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Tour de France: Meet the tightrope walker that keeps cycling's travelling circus online

When the Tour races into town, it also brings 12 tonnes of tech with it to keep operations running smoothly - take the tour.
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1 of 7 Steve Ranger/ZDNet

For the fans and the riders, the Tour de France is the ultimate cycling race — but for those who maintain the tech infrastructure behind the 21-stage 3,664km extravaganza, it feels a little different.  

"It is a circus," says Henri Terreaux, "and I am..." He mimes balancing on a tightrope and smiles. "It's terrific for me because every day I have problems, but the journalists don't [see] because I repair them."

Terreaux (pictured) is the technical director of Orange Events, which supplies the telecoms and networking the Tour needs — whether it's racing through a city or high in the alps. He gave ZDNet a behind-the-scenes tour at the London stage which, complete with Gendarme and French brands turned a little piece of the capital temporarily into a Paris arrondissement.

What makes the Tour more complicated than other events is that it's on the move on a daily basis, with each location throwing up new problems.

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2 of 7 Steve Ranger/ZDNet

Away from the cameras the Tour looks more like a truck stop writhing with all manner of cables. There is plenty of wi-fi around too, but solid connections are still essential — up to 25km of cable to support the 12 tonnes of IT infrastructure that needs to be moved daily.

"Today is a difficult stage and we connect 12km of cable just on The Mall. It is very complicated like an alpine stage, because this area is very long," he explains, and stewards must scour the course for any tiny pieces of debris that might cause problems for the riders.

But across the epic journey, awkward spaces are among the least of the challenges. "We have snow sometimes and trucks run on your cable and cut your cable, many things," Terreaux says.

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3 of 7 Steve Ranger/ZDNet

The 500 connections on the finish line are all routed through this truck, one of the 120 lorries' worth of kit that the Tour carries with it.

"If you disconnect this — no commentary," Terreaux says. "This truck is very, very important to the race."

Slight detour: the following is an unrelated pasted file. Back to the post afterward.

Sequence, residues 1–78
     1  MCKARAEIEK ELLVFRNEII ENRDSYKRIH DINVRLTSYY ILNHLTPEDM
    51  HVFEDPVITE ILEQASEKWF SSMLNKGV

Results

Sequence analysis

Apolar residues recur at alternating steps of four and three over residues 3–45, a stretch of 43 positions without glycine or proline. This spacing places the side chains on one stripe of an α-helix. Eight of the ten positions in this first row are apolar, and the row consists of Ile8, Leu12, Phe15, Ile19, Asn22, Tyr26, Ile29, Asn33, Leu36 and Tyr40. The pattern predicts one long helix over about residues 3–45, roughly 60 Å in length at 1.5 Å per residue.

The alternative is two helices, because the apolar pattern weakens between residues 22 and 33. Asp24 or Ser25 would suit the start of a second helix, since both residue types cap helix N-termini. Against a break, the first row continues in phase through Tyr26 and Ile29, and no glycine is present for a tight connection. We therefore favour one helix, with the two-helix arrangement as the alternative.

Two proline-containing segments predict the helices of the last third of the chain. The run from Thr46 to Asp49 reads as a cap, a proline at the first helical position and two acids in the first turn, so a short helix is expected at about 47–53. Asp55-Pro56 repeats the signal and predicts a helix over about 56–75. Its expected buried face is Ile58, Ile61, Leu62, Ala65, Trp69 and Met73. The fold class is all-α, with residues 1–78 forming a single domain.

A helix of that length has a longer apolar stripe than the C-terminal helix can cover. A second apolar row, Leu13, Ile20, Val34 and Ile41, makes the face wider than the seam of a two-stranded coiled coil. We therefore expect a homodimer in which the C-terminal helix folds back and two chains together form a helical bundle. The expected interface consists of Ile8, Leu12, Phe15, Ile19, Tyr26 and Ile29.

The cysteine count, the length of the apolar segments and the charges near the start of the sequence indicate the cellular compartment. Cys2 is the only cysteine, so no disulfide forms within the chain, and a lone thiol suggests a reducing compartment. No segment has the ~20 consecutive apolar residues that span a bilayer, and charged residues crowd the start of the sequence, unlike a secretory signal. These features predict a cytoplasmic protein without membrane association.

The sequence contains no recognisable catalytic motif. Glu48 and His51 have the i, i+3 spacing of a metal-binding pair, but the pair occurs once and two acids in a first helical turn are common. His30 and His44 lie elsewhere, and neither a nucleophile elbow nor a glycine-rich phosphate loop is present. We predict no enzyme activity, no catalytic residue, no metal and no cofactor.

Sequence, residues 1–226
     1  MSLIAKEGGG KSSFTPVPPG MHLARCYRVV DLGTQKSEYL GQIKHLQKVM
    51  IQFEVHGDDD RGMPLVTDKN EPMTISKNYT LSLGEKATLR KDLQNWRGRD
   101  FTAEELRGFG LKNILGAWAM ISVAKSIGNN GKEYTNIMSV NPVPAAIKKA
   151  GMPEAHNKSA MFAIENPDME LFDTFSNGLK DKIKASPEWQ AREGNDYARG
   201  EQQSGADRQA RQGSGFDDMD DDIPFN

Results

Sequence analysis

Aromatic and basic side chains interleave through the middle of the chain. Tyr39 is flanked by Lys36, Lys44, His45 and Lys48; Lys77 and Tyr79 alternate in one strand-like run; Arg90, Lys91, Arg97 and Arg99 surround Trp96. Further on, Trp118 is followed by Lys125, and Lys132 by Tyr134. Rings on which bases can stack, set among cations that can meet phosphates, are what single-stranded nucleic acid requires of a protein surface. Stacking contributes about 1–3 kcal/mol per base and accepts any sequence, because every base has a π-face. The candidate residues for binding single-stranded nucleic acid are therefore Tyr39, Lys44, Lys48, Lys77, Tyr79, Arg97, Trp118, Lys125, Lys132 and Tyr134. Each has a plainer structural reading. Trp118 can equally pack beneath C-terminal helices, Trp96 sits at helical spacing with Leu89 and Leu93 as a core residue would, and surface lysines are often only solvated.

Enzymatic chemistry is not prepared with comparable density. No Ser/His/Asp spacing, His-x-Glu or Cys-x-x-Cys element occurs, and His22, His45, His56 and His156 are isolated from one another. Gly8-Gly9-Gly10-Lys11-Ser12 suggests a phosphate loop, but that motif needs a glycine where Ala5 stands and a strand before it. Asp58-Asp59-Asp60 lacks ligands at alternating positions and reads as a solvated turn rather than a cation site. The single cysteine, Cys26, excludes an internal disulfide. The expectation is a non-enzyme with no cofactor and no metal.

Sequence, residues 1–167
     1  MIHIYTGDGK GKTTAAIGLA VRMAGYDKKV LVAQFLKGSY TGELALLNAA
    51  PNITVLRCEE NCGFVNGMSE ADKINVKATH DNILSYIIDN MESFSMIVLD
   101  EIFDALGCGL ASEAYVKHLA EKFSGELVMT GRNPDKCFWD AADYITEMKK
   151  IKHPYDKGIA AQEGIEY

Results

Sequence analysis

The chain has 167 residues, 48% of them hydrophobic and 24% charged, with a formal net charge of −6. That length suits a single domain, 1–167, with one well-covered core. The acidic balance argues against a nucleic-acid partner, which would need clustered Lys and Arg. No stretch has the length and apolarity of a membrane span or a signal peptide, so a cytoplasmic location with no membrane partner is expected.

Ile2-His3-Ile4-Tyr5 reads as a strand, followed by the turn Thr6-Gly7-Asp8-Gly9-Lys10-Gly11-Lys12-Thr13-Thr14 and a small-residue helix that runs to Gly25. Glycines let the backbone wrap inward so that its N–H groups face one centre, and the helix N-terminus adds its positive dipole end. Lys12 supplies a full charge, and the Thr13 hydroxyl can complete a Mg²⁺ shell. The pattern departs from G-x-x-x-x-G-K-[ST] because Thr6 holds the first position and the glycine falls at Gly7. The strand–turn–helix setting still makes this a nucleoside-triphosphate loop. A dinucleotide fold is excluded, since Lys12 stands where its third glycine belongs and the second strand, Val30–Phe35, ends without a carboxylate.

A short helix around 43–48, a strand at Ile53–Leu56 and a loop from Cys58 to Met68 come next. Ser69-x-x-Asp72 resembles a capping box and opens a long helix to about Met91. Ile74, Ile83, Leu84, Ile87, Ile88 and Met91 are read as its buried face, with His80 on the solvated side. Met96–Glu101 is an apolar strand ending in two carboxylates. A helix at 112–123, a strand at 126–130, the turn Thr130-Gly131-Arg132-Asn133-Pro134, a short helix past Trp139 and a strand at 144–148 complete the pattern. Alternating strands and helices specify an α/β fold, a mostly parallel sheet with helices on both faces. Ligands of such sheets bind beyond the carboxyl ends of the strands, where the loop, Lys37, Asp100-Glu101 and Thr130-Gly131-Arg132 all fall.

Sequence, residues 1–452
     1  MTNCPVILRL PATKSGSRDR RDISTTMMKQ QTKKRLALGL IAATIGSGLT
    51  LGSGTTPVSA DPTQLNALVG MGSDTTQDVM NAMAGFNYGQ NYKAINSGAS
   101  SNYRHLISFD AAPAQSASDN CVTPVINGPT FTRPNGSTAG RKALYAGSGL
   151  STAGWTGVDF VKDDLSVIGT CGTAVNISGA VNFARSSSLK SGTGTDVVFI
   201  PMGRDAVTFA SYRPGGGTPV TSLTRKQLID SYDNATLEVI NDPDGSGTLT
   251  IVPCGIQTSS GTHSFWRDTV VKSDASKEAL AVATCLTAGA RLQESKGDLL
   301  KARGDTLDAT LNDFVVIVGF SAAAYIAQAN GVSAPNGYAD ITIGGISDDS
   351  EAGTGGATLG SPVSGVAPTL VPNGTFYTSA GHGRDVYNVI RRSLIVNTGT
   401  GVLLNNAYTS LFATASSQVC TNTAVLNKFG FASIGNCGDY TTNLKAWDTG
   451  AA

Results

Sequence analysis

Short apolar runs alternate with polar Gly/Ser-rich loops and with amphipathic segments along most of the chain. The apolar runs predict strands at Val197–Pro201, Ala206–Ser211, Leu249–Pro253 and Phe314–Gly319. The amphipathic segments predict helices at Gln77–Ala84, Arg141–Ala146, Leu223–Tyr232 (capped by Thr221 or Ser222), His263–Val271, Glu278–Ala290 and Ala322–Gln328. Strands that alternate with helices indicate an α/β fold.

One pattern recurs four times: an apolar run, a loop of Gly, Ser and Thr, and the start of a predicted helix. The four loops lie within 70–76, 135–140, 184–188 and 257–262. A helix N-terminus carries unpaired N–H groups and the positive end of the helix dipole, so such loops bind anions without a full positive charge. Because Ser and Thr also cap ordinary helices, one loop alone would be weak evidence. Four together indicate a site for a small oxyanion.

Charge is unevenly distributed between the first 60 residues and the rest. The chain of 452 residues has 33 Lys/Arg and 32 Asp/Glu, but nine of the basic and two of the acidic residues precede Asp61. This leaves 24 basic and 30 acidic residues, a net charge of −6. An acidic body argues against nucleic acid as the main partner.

The truck also provides IP connectivity for broadcasters (70 percent of video is sent via fibre, the rest via satellite).

 

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4 of 7 Steve Ranger/ZDNet

This is the commentary building which hosts 20 positions for radio upstairs, and 20 for TV downstairs.

Among the needs of the Tour — a fibre optic network in the press centre and technical area at a constant speed of 2Gbps for the press and other professionals, plus a set of dedicated wi-fi networks for organisers, journalists, television channels, photographers, and commentators. For the UK stages, that meant an extra 21 international gigabit Ethernet circuits between England and France.

Because the press centre is often kilometres from the end of the race, interviews with the riders are done via high definition video conferencing using a 20Mbps connection between the 'interview bus' to the press room.

 

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5 of 7 Steve Ranger/ZDNet

The camera over the finish line is at the top of this crane — complete with yet more cabling...

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6 of 7 Steve Ranger/ZDNet

Because the Tour is always on the move, the technical infrastructure has to assembled and then taken apart and reassembled again at breakneck speed to be ready for the next stage. Terreaux has two teams of 25 engineers working in tandem — while the London stage is still taking place, one team had already gone ahead to start work on the next stage.

The team remaining behind in London start disconnect after the last TV broadcast around 8pm, and then take the ferry back across to France to start everything again.

 

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7 of 7 Steve Ranger/ZDNet

Here, riders race down The Mall.

Terreaux said after the Olympic Games and the World Cup, the Tour is the most technically demanding sporting project across the world — and of the 600 events he oversees each year, the Tour is the hardest.

For example, as well as 25 connections at the start village, there are also 700 timer points on the race from the start to the finish which need to be connected. In one of the stages this week, a timing point was needed on a motorway where no phone lines existed. The solution was perhaps a candidate for the world's longest extension cable, as BT had to run a phone cable overland for 2km — from a nearby farm.

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